Horace Short was one of the key figures in the early British aviation industry. After a 'Boy's Own' early life, he was the first person to make detailed technical sketches and plans of the Wright Flyer. With his two brothers, he went on to design and build some of the first British aircraft, including some of the keyaircraft used by the Royal Navy during the First World War.
Horace Leonard Short was born on 2 July 1872. The Short family were engineers, with Short's father and uncles all apprenticed as engineers to Robert Stevenson & Co in Newcastle-upon-Tyne. With this pedigree it is not surprising that Horace, together with his brothers Eustace and Oswald, established what has become the United Kingdom's first aircraft manufacturers.
Horace Short was a genius. C.G. Grey said "it was almost impossible to produce a subject about which Horace Short did not know as much as the leading authority on the subject". This intellect has been attributed to a head injury while still a child which led to meningitis and abnormal brain development. Though he gained an enormous intellect, it was at the price of an enlarged forehead and perhaps leading to the brain hemorrhage which killed him at the age of 44.
In 1890 he went to visit his uncle in Australia and see more of the world. His adventures included trekking from the River Plate to the Amazon, meeting the author Robert Louis Stevenson and being captured by cannibals who worshiped him as a god and taught him to fish pearls. Horace settled as a silver-mine manager in Mexico only returning to Britain in 1896 after the death of his father.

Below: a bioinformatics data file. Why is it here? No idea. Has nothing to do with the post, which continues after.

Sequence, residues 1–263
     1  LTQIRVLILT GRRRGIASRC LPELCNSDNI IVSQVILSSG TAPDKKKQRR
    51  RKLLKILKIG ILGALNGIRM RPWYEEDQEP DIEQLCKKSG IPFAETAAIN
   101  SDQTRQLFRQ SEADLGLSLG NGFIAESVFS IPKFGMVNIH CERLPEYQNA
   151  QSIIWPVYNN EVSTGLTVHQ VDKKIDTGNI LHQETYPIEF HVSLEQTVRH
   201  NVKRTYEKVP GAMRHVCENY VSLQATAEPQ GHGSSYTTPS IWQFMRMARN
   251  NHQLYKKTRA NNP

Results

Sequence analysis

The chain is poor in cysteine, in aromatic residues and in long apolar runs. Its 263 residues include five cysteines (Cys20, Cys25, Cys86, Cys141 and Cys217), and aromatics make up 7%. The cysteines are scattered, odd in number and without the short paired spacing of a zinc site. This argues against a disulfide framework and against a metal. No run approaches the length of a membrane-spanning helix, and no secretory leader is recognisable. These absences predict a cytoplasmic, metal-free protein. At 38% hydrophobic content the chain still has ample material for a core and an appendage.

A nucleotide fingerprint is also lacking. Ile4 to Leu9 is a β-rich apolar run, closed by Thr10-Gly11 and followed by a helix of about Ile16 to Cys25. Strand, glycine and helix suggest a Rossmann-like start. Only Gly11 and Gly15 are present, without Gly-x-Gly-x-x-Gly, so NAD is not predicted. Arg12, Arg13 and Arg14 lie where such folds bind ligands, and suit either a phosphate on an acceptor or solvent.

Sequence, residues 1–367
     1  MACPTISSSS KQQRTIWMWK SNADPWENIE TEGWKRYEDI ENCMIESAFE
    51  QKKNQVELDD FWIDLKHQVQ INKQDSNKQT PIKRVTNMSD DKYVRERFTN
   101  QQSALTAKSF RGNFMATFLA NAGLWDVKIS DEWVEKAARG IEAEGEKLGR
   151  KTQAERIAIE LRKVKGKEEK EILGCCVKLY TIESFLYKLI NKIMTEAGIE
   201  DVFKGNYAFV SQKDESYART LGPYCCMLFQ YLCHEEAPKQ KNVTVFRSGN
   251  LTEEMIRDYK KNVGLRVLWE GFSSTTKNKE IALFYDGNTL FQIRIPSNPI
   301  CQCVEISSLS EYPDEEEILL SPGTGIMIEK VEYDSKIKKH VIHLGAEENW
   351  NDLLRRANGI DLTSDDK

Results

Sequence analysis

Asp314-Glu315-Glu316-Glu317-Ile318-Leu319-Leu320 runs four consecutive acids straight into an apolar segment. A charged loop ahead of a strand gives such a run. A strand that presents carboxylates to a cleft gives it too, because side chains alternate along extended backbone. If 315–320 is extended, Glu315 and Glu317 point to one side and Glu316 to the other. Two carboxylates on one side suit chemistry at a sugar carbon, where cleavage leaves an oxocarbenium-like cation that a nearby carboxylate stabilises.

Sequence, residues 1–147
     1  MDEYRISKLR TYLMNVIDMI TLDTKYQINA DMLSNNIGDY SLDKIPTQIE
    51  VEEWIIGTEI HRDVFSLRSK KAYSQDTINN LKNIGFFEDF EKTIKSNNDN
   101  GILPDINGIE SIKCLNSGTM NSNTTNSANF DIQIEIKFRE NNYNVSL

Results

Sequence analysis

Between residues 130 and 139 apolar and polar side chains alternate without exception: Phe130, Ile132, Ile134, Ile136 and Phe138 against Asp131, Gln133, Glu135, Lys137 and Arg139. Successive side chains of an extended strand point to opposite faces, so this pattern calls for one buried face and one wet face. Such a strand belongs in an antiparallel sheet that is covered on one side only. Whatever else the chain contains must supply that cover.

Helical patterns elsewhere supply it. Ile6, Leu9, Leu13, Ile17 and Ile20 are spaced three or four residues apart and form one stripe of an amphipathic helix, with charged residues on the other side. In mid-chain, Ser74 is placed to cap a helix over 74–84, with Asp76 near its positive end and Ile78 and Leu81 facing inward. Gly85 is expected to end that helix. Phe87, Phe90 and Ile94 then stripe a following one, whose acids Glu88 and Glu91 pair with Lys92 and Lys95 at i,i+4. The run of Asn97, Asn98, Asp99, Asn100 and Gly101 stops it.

Horace's brothers asked him to join them in their fledgling ballooning company but Horace, wary of balloons, accepted an offer firstly from Col Gouraud and later from the Hon Charles Parsons. He changed his mind after Eustace and Oswald heard first-hand reports of the Wright brother's flights in 1908, Oswald exclaimed “this is the finish of ballooning; we must begin building aeroplanes at once, and we can't do it without Horace.”
In November a new partnership was registered with each of the brothers taking equal shares. Horace quickly started to design a glider for Sir Charles Rolls, based on a photograph of the Wright Flyer, and an original biplane for Frank McClean.
Though great pioneers, the Wright brothers were not manufacturers so they were persuaded to licence responsible craftsmen to build copies of their Flyer; the British licence to produce six aircraft was given to Short Brothers. However, the Wright brothers were not draughtsmen either so the licence did not include a set of drawings.
To remedy this Horace, accompanied by Eustace, went to the south of France by motor car, and there he made detailed sketches of the Wright Flier from which the first official working drawings were made. These detailed sketches are now in the care of the Royal Aeronautical Society and digital copies have been made available via this website.
Short Brothers went from strength to strength. By August 1909 they had a factory on the Isle of Sheppey, Kent, with eighty people on the payroll. Though McClean's 'Short no. 1' was not a great success, J.T.C. Moore-Brabazon placed an order for what would become 'Short no. 2'.
On 30 October 1909 Moore-Brabazon flew that machine to win the Daily Mail prize for the first flight in England of one mile by an all-British combination of pilot, aircraft and engine.
In 1912 a Shorts Pusher became the first aeroplane to take off from a moving ship and the Shorts Tractor biplanes was the first naval aircraft to have a practical folding-wing mechanism and to launch a standard naval torpedo. During the First World War many naval aeroplanes were built to Short Brothers' designs.
After Horace's death in 1917, Shorts went onto design an important range of seaplanes and flying boats that played a key role in the development of international civil aviation.